For the umpteenth time, we return to the subject of electoral politics and the devastating impact it has so far had on the economy.
After months of electioneering, millions of Kenyans have become weary of politics and would surely want a return to normalcy that can allow them to do the business of life.
Such is the desperation that has seen some citizens come out to pronounce that politicking is over and its time to get back to business.
Unfortunately, that doesn’t look to like something we can expect in the near term given the stalemate in our politics.
This is because elections are the most popular means through which communities settle the question of who leads them.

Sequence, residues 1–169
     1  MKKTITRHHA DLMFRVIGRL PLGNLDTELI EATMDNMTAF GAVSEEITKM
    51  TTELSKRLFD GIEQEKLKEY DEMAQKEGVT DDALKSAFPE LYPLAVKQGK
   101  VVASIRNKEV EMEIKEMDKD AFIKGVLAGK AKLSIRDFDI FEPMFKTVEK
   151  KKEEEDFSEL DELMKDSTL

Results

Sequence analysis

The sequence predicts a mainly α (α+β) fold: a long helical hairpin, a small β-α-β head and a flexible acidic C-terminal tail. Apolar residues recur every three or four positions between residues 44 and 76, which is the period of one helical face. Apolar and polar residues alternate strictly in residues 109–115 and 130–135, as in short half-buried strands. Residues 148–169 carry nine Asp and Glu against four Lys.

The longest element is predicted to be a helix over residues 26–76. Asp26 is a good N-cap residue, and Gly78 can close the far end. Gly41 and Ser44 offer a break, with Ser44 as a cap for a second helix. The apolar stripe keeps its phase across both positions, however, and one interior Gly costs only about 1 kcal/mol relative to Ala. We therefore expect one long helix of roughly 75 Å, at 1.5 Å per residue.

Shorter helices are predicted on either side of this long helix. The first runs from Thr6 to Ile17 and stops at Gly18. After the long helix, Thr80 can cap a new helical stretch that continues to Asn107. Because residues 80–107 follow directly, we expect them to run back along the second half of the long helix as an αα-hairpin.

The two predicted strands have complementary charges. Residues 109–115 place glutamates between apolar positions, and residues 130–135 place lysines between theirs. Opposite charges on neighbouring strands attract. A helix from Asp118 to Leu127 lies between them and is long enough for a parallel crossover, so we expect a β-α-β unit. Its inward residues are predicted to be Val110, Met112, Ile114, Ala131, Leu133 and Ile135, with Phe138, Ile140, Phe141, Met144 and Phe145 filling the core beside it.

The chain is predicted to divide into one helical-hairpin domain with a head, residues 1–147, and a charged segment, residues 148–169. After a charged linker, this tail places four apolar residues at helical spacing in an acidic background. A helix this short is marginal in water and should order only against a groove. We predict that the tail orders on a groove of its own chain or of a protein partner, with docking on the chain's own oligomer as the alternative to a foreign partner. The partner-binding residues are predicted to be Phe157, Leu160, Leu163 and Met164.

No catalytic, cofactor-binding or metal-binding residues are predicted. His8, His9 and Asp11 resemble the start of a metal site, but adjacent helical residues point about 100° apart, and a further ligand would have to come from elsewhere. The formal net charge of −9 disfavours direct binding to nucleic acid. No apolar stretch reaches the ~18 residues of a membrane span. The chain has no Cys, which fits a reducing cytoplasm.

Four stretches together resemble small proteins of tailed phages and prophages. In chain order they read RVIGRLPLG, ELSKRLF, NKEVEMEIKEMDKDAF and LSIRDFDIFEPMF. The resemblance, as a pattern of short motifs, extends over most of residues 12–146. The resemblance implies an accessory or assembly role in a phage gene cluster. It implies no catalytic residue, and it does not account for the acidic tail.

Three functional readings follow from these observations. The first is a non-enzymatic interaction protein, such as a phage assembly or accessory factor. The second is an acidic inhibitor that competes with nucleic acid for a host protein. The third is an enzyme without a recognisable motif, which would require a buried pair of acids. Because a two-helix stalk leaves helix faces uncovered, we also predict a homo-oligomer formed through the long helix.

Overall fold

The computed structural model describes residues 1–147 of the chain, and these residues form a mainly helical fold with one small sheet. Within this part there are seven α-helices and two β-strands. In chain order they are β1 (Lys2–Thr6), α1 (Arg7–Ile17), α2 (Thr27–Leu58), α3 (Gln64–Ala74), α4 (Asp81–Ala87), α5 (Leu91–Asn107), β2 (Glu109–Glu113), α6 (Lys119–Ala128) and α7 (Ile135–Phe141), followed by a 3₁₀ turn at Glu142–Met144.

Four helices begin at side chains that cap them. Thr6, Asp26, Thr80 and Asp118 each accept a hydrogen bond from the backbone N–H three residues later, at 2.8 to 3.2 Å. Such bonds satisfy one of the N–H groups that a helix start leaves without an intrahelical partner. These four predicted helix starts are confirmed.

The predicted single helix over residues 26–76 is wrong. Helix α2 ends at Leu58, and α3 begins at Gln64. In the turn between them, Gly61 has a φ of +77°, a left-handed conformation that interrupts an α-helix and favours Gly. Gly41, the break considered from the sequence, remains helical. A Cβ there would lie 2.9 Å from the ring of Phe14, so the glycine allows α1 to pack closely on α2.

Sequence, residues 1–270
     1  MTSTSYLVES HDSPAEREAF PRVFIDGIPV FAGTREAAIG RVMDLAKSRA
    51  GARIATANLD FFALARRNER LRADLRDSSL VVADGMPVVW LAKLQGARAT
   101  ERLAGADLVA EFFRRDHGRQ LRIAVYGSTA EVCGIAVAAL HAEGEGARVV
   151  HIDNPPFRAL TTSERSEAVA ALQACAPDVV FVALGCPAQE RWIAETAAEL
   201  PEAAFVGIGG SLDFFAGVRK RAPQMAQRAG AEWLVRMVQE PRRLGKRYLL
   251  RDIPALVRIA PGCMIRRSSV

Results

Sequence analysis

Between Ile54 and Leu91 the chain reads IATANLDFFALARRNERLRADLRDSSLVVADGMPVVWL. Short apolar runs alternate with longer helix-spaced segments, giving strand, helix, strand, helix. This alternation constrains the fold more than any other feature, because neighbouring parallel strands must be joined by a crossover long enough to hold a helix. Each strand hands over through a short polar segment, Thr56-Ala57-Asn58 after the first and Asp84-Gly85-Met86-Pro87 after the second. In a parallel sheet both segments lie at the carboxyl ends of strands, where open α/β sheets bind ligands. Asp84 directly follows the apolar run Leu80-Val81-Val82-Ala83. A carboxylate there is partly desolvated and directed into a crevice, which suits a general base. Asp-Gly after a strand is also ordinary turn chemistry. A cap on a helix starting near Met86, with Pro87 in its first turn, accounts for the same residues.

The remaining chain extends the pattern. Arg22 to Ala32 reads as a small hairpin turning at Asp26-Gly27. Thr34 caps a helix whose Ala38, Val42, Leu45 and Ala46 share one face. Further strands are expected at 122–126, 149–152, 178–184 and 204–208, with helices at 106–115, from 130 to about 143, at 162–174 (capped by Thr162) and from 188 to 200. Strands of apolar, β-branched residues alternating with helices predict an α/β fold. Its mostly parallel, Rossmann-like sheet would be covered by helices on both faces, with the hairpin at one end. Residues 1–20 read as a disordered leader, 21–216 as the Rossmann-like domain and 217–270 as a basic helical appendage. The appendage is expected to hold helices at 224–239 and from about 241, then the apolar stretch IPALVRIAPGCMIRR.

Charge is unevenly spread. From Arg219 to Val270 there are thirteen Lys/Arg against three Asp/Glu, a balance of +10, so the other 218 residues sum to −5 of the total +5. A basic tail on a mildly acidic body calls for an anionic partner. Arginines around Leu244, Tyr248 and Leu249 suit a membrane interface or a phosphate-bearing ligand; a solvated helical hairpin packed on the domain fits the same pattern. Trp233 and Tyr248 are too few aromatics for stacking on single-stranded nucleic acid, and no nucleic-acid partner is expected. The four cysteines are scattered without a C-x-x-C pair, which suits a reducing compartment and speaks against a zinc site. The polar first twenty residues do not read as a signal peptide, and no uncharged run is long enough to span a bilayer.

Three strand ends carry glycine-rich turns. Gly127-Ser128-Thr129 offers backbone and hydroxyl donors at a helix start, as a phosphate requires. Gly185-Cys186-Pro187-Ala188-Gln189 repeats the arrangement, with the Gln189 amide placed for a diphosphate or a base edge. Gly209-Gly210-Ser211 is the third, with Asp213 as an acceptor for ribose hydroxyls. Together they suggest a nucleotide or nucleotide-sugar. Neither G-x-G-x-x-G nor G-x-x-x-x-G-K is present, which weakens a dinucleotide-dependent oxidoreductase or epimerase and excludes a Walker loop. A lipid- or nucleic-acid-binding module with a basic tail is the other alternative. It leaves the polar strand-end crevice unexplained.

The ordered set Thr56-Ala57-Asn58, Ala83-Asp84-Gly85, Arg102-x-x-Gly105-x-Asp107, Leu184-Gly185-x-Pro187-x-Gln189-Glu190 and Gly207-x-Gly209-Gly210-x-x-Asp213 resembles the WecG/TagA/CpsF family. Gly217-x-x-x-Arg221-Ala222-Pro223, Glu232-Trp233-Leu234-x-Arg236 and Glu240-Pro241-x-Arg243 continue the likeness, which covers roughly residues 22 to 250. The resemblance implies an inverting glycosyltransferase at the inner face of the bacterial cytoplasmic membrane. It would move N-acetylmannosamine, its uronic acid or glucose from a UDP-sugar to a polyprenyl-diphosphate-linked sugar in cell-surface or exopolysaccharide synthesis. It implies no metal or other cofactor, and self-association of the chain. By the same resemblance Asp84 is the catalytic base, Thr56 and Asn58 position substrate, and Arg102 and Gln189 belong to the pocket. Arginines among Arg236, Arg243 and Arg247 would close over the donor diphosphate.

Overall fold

In a democratic society that requires a revisiting of this question every four or five years, any failure to conclusively settle this matter only produces uncertainly, instability and a poisoning of the environment that makes the business of life damn difficult.
Given what has transpired since the October 26 repeat presidential poll, Kenya would be better moving forward with the understanding that good politics is the mother of good governance that forms the basis for success in socio economic spheres.
This means fixing our politics, however hard it is, is the job we must do to increase our prospects of success in the long term.